80 pounds later, she’s an ultra marathoner, inspiration

Published 2:47 am Thursday, February 14, 2019

Rebecca Rybicki has combined the power of running with healthy eating to lose 80 pounds, run ultra marathons, and become an advocate for women everywhere.

The Ormond Beach resident,who has strong ties to Andalusia, said her health problems began after her father, Andalusia native Roy Weaver III, passed away shortly after her 18th birthday. She turned to food to help relieve the pain.

“Andalusia just brings up so many memories that we had of the love that he shared for the town,” Rybicki said. “I always feel so connected with my father, Roy Holland Weaver III. I get to see the home he grew up in with his sister, Kay Ingram, on East Three Notch, go to my grandparents’ river house on Gantt Lake, which looks identical as it did when my father was a young boy, see his high school and visit family and friends who loved him. I’m thankful for the amazing life my father had growing up in Andalusia, and his family and friends gave him that. The city will forever hold a beyond special place in my heart.”

She said that she couldn’t have done it without a support system. Her husband Kevin Rybicki also stuck with her through her weight loss journey and lost 50 pounds.

“In the beginning, he wasn’t too keen on doing it with me,” Rybicki said. “I think he started seeing the positive changes that were happening in my life and it started naturally happening where he was making small changes and those small changes add up to a transformed life.”

Not only have the races that she participates in helped her physically, but she said that they have helped her mentally as well.

“The weight loss happens naturally,” Rybicki said. “I feel like mentally, it has given me so much more power over my mind and my thoughts. It is very freeing.”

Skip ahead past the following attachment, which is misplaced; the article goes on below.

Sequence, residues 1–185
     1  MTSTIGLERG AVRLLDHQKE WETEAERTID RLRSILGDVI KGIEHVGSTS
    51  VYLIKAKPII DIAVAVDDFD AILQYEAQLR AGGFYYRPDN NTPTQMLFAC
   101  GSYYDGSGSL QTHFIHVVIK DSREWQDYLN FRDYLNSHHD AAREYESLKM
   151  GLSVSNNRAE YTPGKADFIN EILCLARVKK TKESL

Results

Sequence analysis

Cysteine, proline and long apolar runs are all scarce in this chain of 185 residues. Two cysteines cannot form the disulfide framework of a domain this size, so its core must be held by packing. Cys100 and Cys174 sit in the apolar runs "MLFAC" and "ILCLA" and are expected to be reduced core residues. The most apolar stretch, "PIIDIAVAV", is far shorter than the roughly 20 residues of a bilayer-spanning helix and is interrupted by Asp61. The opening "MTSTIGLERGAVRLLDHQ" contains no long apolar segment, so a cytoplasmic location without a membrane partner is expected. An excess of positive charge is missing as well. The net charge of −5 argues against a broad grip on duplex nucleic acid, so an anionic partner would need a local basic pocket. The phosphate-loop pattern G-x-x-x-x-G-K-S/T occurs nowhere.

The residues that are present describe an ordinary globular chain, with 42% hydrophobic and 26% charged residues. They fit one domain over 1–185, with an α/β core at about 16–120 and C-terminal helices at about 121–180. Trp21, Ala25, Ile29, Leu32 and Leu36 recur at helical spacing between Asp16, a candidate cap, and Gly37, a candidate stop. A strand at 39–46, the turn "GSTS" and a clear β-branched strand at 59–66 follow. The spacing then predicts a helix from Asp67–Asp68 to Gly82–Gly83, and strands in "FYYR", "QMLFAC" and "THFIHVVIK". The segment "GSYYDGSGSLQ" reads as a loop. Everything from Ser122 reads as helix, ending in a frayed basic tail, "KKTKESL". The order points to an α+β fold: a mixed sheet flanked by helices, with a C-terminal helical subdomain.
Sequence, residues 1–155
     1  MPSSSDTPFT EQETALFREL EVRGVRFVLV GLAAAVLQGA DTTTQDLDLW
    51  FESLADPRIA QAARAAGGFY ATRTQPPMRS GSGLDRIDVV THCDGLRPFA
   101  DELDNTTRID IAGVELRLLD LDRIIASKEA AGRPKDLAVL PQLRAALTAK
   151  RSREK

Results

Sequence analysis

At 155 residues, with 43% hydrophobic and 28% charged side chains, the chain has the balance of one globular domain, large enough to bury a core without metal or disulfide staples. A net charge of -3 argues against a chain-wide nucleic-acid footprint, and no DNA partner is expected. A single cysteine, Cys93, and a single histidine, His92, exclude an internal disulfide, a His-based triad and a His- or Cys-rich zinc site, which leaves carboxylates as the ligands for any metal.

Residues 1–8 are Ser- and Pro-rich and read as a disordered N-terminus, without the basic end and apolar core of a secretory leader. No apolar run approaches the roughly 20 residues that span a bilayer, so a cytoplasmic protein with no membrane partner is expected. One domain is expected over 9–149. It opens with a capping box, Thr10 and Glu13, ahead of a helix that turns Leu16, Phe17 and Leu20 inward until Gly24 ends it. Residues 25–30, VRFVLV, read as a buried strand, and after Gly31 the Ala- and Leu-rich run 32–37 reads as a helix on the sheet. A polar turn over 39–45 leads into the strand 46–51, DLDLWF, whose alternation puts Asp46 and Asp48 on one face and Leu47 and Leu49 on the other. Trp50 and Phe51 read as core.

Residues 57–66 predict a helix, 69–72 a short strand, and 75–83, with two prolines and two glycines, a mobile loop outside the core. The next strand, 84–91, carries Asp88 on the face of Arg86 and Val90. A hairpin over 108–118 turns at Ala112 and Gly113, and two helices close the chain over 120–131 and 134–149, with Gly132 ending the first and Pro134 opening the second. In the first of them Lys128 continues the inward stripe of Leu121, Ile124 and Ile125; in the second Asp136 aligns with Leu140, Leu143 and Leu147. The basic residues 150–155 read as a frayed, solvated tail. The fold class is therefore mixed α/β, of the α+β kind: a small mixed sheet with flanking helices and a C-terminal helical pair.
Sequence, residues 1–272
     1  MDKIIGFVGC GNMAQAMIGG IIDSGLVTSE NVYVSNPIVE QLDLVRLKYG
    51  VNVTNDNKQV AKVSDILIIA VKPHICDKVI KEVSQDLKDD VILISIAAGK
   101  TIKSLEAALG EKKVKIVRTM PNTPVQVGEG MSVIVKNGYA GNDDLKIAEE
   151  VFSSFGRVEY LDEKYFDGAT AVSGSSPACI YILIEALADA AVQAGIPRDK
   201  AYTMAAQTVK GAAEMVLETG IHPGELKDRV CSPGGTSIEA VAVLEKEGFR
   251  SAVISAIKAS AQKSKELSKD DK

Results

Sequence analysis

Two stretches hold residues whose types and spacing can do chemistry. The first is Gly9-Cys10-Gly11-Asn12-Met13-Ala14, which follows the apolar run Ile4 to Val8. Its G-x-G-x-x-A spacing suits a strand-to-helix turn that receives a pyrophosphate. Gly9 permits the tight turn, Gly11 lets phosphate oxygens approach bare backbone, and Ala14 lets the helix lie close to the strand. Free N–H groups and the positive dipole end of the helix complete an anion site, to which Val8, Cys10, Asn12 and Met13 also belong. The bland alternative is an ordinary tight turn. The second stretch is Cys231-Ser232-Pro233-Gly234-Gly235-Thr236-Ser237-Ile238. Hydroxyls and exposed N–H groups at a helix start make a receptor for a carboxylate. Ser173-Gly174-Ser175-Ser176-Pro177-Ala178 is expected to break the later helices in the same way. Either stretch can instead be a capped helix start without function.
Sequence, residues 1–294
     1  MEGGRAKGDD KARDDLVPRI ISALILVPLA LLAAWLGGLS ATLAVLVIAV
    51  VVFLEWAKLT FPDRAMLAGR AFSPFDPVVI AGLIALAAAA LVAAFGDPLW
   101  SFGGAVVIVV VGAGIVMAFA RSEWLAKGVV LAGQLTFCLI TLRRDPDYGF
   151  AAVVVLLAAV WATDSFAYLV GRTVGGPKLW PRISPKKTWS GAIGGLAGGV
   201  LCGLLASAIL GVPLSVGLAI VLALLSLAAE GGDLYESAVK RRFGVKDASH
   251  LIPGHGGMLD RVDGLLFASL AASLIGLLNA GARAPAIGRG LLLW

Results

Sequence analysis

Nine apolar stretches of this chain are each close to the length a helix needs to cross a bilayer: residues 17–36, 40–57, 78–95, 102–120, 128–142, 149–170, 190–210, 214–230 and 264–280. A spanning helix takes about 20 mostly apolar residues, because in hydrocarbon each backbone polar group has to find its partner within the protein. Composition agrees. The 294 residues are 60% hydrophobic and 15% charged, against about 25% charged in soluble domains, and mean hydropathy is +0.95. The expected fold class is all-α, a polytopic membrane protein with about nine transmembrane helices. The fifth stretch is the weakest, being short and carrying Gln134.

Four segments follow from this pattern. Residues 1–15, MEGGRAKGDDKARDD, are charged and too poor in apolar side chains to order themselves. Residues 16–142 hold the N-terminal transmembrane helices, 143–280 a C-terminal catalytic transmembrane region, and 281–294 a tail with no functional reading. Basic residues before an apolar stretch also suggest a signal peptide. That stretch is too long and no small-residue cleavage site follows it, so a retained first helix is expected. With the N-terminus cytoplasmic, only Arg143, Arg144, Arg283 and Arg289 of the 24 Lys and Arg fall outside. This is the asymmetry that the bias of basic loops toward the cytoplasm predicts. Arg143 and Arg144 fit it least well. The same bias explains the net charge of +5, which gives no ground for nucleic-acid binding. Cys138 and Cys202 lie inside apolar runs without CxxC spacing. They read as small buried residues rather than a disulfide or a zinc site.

When Rybicki was training for her first half-marathon, she was still eating fast food regularly and drinking a lot of soda. She could not lose weight, despite running to train for the half-marathon. She finished the 13.1 mile course last among 10 women in her age group, in three hours and one minute.

After her doctor told her it was her diet that was the problem, and diagnosed her with obesity, she knew that she had to make changes.

“Anything that was fried or fattening, I ate it,” Rybicki said. “I was very depressed, honestly, I was felt like I was bonded to fast food. I started becoming more aware and educated about what I was putting in my body after that.”

She said that gave her the strength to make better choices.

“I felt like I was overcomplicating the whole process,” Rybicki said. “I was trying to find these healthy options, but they weren’t made by God, they were made by a person in a factory. After the doctor’s visit, I started focusing on eating one-ingredient foods. So, like the only thing in grapes is a grape, the only thing in chicken is chicken. Just eating those fresh foods and living by the motto, ‘Live food for live bodies.’”

The diet change was one of the main things that made Rybicki’s weight loss journey so successful, she said.

“Food is life changing,” Rybicki said. “And I don’t eat less food, because food isn’t your enemy. Running has definitely played a huge role, but the food gives me the strength that I need to do this. Running and my diet really go hand in hand.”

The advice that she gives other people struggling with their weight is to not give up.

“I know the struggle, because I have been there,” Rybicki said. “You just have to believe in yourself and know that it is O.K. to fail. I have been there and failed and I never knew that it was possible for me. You have to make sure that you educate yourself and take it one day at a time. Also, we need to look at eating healthy, not as a chore but as a way to better yourself.”

After losing the weight, she ran the same half marathon again, and shaved an hour off of her finish time. She also has completed several milestones such as a 50-mile race, a 100-mile race and several ultramarathons.

She sometimes combines visits to her Andalusia grandparents with running events, and in 2017 and 2016, she won the Candyland 5K.

Rybicki also has become an advocate for women everywhere. Runners World shared her story in September of last year, and she has 20,000 followers on Facebook.